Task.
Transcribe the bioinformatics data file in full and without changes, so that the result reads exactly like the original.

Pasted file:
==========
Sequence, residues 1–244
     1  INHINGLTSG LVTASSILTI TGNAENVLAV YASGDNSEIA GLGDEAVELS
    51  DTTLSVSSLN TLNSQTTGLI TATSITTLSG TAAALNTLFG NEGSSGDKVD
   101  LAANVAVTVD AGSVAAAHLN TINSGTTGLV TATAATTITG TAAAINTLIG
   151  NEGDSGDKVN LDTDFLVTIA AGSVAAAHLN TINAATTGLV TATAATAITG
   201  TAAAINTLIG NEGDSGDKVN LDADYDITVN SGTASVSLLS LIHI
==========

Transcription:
Sequence, residues 1–244
     1  INHINGLTSG LVTASSILTI TGNAENVLAV YASGDNSEIA GLGDEAVELS
    51  DTTLSVSSLN TLNSQTTGLI TATSITTLSG TAAALNTLFG NEGSSGDKVD
   101  LAANVAVTVD AGSVAAAHLN TINSGTTGLV TATAATTITG TAAAINTLIG
   151  NEGDSGDKVN LDTDFLVTIA AGSVAAAHLN TINAATTGLV TATAATAITG
   201  TAAAINTLIG NEGDSGDKVN LDADYDITVN SGTASVSLLS LIHI